Just because something works on a website doesn't mean it will work in an app. Every day I get to work through the complexities that come from mobile devices. And, honestly, this is one of the biggest reasons I love developing iOS apps, it feels like there are endless problems to solve.
Mobile devices have unique navigation patterns, gestures, animations, and transitions that I need to take into account. The size of mobile devices changes between phones and tablets that can rotate to have a portrait or landscape view, and I have to figure out how to build one view that looks good on all of them.
Mobile apps manage user sessions differently to allow them to stay logged in (unless your app has sensitive information like a banking app). This is great for the users but introduces some complexity with how we manage the data and what happens if someone else logs in.
Speaking of data, I need to be careful about how much data the app sends and receives. The more data coming in and out of the app, the more networking and data usage it eats up while draining the device battery.
Privacy and permissions are very structured in iOS. I need to ask the user for permission to send notifications, access their camera, or save a contact to their device. If I send too many notifications, users will turn them off. I need to be mindful of the size of my app, if it takes up too much space on someone’s phone, chances are they’ll delete it before giving up their video from last weekend.
The day-to-day tasks an iOS Engineer works on are determined by the product’s next release. Amanda (QA) mentioned our daily check-ins and the regular planning meetings we have as a team. In our planning meetings, we break down large features into the smaller development tasks needed. We review the bugs or issues that need to be addressed. We discuss the problem and then determine the solution. Jose (Product Manager) enters these details into requirements, but it is up to the engineers to determine how to build the solution in code.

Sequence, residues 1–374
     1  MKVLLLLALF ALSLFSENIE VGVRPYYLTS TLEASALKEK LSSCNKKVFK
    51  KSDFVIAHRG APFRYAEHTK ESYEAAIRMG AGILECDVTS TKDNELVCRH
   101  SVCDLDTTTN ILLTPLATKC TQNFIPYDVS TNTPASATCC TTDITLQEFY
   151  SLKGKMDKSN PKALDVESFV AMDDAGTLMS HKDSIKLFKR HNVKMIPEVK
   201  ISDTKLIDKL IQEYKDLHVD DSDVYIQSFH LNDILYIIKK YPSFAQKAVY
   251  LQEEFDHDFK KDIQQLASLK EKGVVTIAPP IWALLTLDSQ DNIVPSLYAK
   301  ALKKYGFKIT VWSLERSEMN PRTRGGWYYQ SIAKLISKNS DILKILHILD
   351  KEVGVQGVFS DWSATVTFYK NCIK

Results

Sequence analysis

Before I start developing a new feature, I need to understand what devices my users have, what device features they have, and what version of the operating system it is using. This allows me to create backward compatibility, which is what allows users with older devices or operating systems to download the new version of our app.
With that in mind, I start creating the user flow by following the designs from Mori (UX). I create the screens, buttons, actions, and alerts that users see, we call this the interface. After creating the interface, I need to test it to make sure it works and flows as expected.
Even the most beautifully executed screen isn’t useful until it is integrated and using real data. I connect the information on the screen to a database within the app.
You can think of a database like a powerful spreadsheet that has tables and rows of information. Storing data within an app is known as caching the data. I’ll tell you more about this in the next section, but for now, it is helpful to know that apps have their own copy of the data that they need to manage and keep in sync. This happens through integrations, and I write the code that ties it all together.
When I’m not working on new features, I spend a good portion of my time fixing bugs, improving an existing feature, or solving crashes. An app crash is when the app dies and the user is sent to the device home screen. This creates a bad experience, so developers try to avoid them and prevent them from happening. Occasionally, a developer may choose to force a crash when a user is doing something that shouldn’t be possible; it’s almost like an intentional dead end. Developers can get logs of the crashes that happen in the app; this helps us understand where the user was and what happened.
When all the features are in place and the bugs are resolved, I compile my code to make a build of the app. I use ad hoc distribution to share the build to the registered devices our team uses for testing. This allows Amanda (QA) to run her tests, Mori (UX) to verify the design, and Jose (Product Manager) to see everything working.
When the team is happy with the release, I upload the build to the Apple App Store with release notes and images and submit them for approval. Apple has a review process in place to make sure apps don’t contain viruses, but also to ensure they follow the guidelines.
If you don’t meet all of the guidelines, Apple will reject your app and it can’t be released until you resolve the issues. It usually takes a day or two for the review process. Once the release is approved, we can push the release live to users.
Every release requires the users to manually download the update if they don’t have auto-update turned on. As a developer, this means I need to be mindful of previous versions of my app that users still have installed and how the app manages data between updates.